Lant Pritchett points out something similar in relation to the quality of education globally. In most developing countries it is not that “the rich get a good education and the poor get a bad one” but “the rich get a bad one and the poor get none at all.” For example, in standardised educational test scores, 15-year-old students from Thailand, Mexico, Mauritius, and Chile fall below the 20th percentile of students in Denmark. Students from Qatar, Ghana, Saudi Arabia, and El Salvador fall below the 5th percentile when compared to their counterparts in Australia.
“A World for the Many, Not the Few” argues that “what people need and want in the UK, people need and want everywhere: our needs, our rights and our struggles to achieve them are one and the same.” Yet at the same time it suggests a development target which counts improvements in the living standards of people who would be considered amongst the poorest in the UK as eroding progress, suggesting that their advancement should be slowed down. What moral authority can the UK have to tell people whose incomes are barely comfortable, and whose priorities are overwhelmingly for jobs and economic growth, that their ambitions and aspirations should be put on hold in pursuit of “happier and more harmonious societies”?
Beyond crude measures
There are certainly reasons to be concerned with inequality within countries. Angus Deaton argues that we should view inequality not so much as a cause of economic, political, and social processes, but as a consequence. Some of these processes are good (areas of economic growth in poor countries), some are bad (uneven access to opportunities), and some are very bad indeed (extractive political institutions and monopoly rents). He argues for sorting the good from the bad in order to understand inequality and what to do about it. As Nancy Birdsall highlights, a rising number of people with steady jobs, a secondary education, and a stake in rule of law and protection of private property rights is a development good, not a development bad, not only for those people directly, but because growth of a middle class in emerging economies has been intimately linked with poverty falling.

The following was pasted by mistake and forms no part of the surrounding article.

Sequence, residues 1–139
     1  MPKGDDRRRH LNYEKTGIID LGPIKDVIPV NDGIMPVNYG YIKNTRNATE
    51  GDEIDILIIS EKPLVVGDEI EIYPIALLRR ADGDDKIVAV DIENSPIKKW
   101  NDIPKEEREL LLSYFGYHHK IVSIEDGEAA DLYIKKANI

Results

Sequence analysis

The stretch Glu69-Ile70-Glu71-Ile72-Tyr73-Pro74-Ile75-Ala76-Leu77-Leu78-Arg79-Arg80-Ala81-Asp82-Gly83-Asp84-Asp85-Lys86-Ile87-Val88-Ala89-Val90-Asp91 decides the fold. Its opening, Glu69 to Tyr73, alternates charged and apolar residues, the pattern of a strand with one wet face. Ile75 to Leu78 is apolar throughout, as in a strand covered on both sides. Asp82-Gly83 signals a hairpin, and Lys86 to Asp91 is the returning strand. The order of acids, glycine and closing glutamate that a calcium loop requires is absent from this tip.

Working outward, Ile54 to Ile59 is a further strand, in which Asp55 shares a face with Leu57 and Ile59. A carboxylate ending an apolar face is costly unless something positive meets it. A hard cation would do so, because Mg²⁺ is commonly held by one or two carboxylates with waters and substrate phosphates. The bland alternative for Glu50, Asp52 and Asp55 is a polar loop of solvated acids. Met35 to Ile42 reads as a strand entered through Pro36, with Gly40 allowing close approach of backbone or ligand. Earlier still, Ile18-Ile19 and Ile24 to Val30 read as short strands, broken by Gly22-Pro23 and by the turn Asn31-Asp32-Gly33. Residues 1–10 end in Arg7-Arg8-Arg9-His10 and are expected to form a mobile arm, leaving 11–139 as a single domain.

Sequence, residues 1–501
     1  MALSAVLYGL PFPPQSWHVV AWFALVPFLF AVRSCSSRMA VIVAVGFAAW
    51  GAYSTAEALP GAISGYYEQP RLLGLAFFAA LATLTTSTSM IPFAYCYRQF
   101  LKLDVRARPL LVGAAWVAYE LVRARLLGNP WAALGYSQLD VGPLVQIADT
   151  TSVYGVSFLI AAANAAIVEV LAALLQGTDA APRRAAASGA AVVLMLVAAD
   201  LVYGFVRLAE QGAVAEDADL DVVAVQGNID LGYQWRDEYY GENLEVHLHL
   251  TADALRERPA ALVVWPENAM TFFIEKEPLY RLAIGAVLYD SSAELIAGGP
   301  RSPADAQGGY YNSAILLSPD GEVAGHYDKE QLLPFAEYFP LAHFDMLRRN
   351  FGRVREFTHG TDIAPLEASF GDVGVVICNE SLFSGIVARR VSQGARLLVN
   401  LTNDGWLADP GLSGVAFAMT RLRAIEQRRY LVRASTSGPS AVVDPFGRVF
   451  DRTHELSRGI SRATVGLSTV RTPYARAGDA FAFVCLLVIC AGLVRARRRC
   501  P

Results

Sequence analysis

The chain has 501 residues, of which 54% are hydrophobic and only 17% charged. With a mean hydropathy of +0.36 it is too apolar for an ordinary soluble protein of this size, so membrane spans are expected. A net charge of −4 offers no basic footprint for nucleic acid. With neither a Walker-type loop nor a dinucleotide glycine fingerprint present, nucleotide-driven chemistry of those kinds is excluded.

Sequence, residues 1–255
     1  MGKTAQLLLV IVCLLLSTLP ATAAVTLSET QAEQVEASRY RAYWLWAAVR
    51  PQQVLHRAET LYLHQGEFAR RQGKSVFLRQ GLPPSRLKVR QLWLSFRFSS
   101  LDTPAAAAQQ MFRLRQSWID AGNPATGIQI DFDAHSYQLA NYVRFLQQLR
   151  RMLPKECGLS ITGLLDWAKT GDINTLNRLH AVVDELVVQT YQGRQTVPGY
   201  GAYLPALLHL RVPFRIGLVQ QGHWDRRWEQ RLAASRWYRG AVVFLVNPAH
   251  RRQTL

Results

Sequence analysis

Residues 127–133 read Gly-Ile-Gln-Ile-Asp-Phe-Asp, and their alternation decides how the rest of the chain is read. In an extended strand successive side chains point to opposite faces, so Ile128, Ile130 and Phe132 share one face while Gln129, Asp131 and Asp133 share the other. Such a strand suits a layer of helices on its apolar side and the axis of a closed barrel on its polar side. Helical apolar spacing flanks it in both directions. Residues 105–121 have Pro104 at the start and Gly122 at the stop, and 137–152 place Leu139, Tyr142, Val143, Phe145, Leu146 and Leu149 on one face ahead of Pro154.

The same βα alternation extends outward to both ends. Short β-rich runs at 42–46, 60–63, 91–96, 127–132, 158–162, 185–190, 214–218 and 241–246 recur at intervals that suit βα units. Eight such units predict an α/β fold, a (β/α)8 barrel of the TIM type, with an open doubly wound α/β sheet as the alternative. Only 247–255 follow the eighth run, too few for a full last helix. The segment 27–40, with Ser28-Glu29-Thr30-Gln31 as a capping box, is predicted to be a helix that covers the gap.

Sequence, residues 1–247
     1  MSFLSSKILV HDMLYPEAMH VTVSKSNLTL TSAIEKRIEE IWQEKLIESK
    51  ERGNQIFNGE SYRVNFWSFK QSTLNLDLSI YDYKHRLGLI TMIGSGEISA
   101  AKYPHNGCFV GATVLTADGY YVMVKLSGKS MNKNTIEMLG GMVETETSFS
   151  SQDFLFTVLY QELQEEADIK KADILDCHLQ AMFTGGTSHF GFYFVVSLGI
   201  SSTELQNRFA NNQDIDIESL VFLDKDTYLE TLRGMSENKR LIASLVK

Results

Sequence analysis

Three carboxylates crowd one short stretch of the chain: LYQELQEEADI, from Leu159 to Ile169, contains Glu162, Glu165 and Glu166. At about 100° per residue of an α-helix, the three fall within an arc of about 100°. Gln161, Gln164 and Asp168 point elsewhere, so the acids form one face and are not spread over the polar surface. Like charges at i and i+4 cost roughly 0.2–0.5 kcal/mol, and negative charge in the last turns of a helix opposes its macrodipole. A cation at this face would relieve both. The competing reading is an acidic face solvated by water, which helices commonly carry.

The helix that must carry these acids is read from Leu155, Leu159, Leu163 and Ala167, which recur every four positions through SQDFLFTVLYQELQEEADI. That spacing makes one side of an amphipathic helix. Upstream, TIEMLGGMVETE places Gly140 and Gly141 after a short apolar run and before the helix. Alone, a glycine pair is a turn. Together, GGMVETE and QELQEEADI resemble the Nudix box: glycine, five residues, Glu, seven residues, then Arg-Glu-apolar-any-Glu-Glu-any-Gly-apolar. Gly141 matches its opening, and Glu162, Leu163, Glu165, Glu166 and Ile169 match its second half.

DFID should support efforts to address damaging causes of inequality—rigged markets and politics, rent extraction, lack of political voice and agency—and work to increase the productivity and market power of the poor and the emerging middle of workers, traders, and consumers. But if DFID manages-to-the-metric, it might mean refusing to support any investment that would have a first-round effect of increasing incomes in the top decile, including improving the lives of Malawians earning more than $10 a day or Sierra Leoneans earning over $5. It might also mean prioritising projects supporting the 40 percent poorest in Kenya over the poorest 40 percent in the DRC, because even though they are richer, their country’s Palma ratio is higher.